Burial at the Crossroads
Featured in the May 2012 handbook.
In Fond Memory Of The Late Mick Twyman.
Some unpleasant retributions have been thought up in times past to punish folk who have transgressed the rules of Church and State, but one of the worst related to those desperately unhappy souls who chose to take their own lives. I stress that the Law singled out the poor because the rich managed to avoid the consequence of such a death, as did the well-connected duellist. After all what is a duel but almost certain death for one, at least, of the protagonists? The simple fact is that money allowed the rich to bury their suicides and duellists with full religious ceremony in consecrated ground. Not so the poor, for whom a macabre medieval process swung into action. The Judgement for this ‘crime’ of ‘felo-de-se’ demanded that no religious service of any form be allowed for the corpse, which was to be buried at midnight on the outskirts of the locality at a spot where four roads crossed. As a final humiliation, a wooden stake might be driven through the heart, thus impaling the body to the ground in order to stop the tormented and restless spirit wandering abroad to cause mischief. This law was not repealed until 1823.
In January, 1863, the railway was in the course of construction between Margate and Broadstairs. As the navvies dug the deep cutting through the hill where College Road and St. Peters Road meet, where the bridge now is they came upon a coffin. Prising open the lid they found the remains of a young woman, the flowing hair of whom remained intact and it was soon established that the corpse was that of a felo-de-se from 40 years previously. Today the corpse would have been swiftly reported and given a decent burial, but the navvies had no qualms about exhibiting the coffin for 6d a peep, probably in aid of their beer fund. They also sold locks of her hair as talismans around the town, such things and various parts of executed criminals being believed to bring the owner good fortune.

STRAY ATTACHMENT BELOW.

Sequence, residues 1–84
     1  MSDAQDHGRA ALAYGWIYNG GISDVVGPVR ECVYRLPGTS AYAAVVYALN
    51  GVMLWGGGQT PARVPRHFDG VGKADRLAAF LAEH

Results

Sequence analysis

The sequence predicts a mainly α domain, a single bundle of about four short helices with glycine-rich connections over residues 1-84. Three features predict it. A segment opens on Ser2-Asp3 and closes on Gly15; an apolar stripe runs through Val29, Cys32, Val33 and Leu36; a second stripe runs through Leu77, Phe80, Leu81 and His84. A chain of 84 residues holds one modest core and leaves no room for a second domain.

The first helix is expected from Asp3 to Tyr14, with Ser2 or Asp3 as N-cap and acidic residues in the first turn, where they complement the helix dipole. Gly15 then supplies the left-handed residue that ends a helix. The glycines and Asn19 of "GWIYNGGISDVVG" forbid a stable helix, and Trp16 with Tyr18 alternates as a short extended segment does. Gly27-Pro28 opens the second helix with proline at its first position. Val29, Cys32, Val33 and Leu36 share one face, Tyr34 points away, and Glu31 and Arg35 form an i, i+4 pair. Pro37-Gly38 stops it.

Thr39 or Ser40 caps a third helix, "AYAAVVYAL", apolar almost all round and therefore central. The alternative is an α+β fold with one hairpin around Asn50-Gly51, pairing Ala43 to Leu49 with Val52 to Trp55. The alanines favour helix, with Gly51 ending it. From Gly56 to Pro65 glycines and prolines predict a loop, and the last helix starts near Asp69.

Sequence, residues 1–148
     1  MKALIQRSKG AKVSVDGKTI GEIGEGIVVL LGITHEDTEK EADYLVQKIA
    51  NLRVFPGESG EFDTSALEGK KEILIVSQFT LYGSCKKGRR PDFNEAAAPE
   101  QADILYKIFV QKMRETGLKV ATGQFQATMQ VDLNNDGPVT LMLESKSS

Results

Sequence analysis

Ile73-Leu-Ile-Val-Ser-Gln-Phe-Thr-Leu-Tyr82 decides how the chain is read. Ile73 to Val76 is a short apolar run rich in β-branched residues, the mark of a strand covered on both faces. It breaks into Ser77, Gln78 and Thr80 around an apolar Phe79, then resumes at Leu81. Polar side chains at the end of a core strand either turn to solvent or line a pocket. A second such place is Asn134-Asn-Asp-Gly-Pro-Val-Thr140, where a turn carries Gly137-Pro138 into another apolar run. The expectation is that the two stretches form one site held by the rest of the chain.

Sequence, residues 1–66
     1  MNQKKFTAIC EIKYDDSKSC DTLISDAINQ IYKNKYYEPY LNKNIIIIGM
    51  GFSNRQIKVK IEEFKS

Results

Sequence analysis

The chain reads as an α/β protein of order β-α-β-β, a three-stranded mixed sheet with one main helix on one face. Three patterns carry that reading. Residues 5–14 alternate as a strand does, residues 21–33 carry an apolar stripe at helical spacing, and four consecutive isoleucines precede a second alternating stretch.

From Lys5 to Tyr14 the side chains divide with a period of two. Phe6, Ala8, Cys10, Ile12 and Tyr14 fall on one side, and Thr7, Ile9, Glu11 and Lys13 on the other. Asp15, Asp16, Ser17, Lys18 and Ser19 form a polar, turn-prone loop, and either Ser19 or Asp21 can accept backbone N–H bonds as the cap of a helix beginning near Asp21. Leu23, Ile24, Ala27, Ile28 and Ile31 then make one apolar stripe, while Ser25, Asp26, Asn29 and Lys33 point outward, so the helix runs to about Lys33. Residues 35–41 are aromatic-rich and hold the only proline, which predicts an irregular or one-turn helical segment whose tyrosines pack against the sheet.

The navvies did a roaring trade with their sideshow, but unfortunately for them the newspapers got hold of the story and insisted that the authorities put a spot to this bizar circus. They also recounted how the unfortunate victim had met her death as the result of a practical joke played upon her by young men whilst she had been intoxicated.
The Kentish Gazette, rightly horrified at such goings on called upon the authorities to retrieve the corpse and arrange burial for what was left of the girl, a move they had been seemingly reluctant to make previously. the entrepreneurial navvies were swiftly relieved of the remains of the poor girl, and a very sad incident brought to a close. Intrigued as we were by this case, it was obvious that further research would be necessary to bring out a few more details. Today, such an incident would be splashed across the tabloid front pages in very blatant fashion, but things then were very much understated. It transpired that her name was Ann Barford, who met her death at the age of 22 years, the warrant against her for felo-de-se being sworn on the 1st of May 1822, just a little over a year before the barbaric ritual of burial at the crossroads was abolished’ From the 8th July, 1823, burial in consecrated ground was permitted although still at night. Gone now was the stake through the heart, but still no religious service was permitted to be said over the corpse.
A check with the Registrar’s Office showed that the corpse of an unknown female was buried at Margate Cemetery at the right period in 1863 and it would be nice to think that was poor Ann Barford finding a proper resting place at last, but the next time you walk or drive over a crossroads on the edge of the town, spare a thought for those poor unfortunates who might still lie there in their lonely narrow slots beneath your feet.